At 7.30am on Saturday 11th September 2004, New Zealander Vanessa Quin made her way to the lift station to go up Mont Chery in Les Gets (France) for her first practice run of the morning. This was the World Championships finals day. A day where racers put it all on the line for the chance to win a gold medal and to have the honor of wearing the coveted rainbow stripes for the next 12 months.
As the sun slowly rose into the sky Vanessa didn’t know that firm favorite Anne-Caroline Chausson had just crashed-out high up in the woods. An early morning rain shower had made that section a little slippery and it had caught out the almost unbeatable Frenchwoman. After eight years of domination there was to be a new woman’s World Champion.
Vanessa was part of the Dirt INTENSE team back then (2004-2006) – as she puts it, “ultimate bikes given to a team of misfits”. She’d started out on the M1 but by 2004 she was riding the M3, “INTENSE always made amazing bikes, and I felt like I was racing on the Ferrari of bicycles. I could talk to Jeff (Steber) about what I needed in a bike and he’d work his magic. One year he made me a custom lightweight M6 downhill rig, he even marked its serial number with my initials.”
Dirt magazine was all about downhill racing and they enjoyed a cult following, they also managed to run a World Cup team for many seasons. So Vanessa was holed-up with a bunch of would-be journalists and photographers from Dirt. She was the only racer staying in the chalet, so it wasn’t really the perfect environment to prepare for the biggest race of the year. There were a lot of late nights, strangers wandering around at all hours, hungover bodies at breakfast, etc. The Dirt crew believed that there was as much fun to be had off the hill as there was on it!
In 2004 Vanessa was having her most successful year of racing ever. She had already been on three World Cup podiums that season and was on course for a top five finish overall. With Chausson crashing out and two other big name contenders injured (Tracy Moseley and Sabrina Jonnier) the opportunity to win the World Championships was there for the taking.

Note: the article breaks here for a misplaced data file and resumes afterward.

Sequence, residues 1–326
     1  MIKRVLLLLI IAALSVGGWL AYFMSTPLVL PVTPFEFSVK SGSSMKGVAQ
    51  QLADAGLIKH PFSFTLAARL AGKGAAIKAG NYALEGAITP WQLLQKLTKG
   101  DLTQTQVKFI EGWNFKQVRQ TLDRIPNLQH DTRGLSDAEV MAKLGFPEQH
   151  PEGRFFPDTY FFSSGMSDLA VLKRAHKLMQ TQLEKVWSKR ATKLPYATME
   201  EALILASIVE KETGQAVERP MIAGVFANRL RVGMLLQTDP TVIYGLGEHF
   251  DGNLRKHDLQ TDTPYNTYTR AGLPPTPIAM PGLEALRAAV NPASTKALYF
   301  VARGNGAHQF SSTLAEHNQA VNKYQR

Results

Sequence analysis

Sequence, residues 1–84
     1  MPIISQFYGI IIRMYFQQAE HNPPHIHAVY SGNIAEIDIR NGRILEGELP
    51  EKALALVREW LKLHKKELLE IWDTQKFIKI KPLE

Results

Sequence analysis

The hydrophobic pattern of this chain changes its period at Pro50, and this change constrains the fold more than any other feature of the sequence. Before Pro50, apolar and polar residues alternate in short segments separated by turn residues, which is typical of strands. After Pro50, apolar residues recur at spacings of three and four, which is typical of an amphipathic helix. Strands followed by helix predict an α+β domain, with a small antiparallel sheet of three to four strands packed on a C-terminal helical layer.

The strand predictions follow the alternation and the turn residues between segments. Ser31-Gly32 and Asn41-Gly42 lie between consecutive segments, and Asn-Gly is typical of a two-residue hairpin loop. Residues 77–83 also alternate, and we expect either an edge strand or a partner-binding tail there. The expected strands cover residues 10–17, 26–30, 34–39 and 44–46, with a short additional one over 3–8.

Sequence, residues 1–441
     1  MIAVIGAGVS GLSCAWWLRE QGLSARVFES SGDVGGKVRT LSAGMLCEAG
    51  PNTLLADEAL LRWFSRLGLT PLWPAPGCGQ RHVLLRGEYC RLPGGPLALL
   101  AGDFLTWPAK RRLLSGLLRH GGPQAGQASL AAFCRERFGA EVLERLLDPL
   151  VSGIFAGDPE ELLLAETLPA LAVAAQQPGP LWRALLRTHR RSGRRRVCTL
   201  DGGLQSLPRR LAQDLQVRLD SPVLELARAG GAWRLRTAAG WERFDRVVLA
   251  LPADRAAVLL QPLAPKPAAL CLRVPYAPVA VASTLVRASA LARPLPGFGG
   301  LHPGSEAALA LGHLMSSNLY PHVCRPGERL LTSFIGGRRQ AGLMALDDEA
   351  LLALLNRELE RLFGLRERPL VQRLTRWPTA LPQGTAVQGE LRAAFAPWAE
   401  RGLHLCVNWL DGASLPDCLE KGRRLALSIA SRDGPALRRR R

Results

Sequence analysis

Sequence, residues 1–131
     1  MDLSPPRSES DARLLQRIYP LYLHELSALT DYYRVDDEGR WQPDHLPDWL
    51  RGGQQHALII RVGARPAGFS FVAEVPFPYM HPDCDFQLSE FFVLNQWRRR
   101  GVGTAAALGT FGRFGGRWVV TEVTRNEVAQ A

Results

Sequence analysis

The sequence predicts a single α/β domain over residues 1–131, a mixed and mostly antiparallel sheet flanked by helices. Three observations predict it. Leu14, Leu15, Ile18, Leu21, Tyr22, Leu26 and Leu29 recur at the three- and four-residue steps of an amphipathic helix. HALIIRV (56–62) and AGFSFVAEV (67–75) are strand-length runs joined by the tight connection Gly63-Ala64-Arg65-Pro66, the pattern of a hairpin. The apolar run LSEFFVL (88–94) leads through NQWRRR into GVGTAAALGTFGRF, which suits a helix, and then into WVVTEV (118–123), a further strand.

Vanessa had qualified in a very respectable second place, and with Chausson out that of course meant that she would be last down the hill… with a mountain of pressure on her shoulders. When it came to the final runs the Americans weren’t able to dent the podium. Japanese rider Mio Suemasa sat in the hot seat, but next on the hill was local rider, and home favorite, Celine Gros. If anyone had one hand on the gold medal it was her… but it was not to be. That just left Vanessa, at the top of the hill, all alone. She coolly and calmly rode her way down the mountain. At the split she was two seconds quicker than Suemasa. All she had to do was hold her line and hold her nerve. Keep it tidy, but keep her speed. Vanessa crossed the line over two and a half seconds ahead… the new 2004 Downhill World Champion.
“The World Championships definitely changed everything for me. I was more confident that I could match the best girls in the world at the time. The Dirt team was my ultimate happy place. I loved racing for Jeff and Jen (Gabrielli), and INTENSE was like a big family. Kathy Sessler was such a massive part of it too, and I’ll always be grateful to her and her husband Chuck for making me feel so welcome. But my biggest love racing for INTENSE was my mechanic Johnny Roy Bottema. I really wish he was still around. The parties, marshmallow fights, amazing bikes, best racing, road trips across the US, gambling, and open-ended kindness and humor the extended INTENSE team shared will always be hard to replicate.” - Vanessa
Vanessa raced on INTENSE bikes from 2000 through to her retirement from World Cups in 2007, “INTENSE has always helped women in racing, Jeff and Jen always supported and encouraged us on and off the bike”. She had her fair share of injuries along the way, riding the majority of her career in wrist braces (as she’d broken both of them), and amazingly she had also broken her neck just 18 months prior to ‘04 Worlds. She fought through it and worked hard to get back up to speed, proving that grit, determination and of course skill, can get you a long, long way.
We’ll let Jeff have the final word, “My memory serves me well on this one, as it was one of those magical moments in our sport when we witness the years of hard work, tenacity and talent land a racer on the top step of the World Champs podium. Not many people get to stand up there and it was such an honor to see Vanessa pilot her baby blue M3 to World Cup history. That was definitely an “Intense For Life” moment that I will never forget."
Photos: Geoff Waugh (skinsuit), Mike Rose and Dirt cover by Shawn ‘Gordo’ Spomer.
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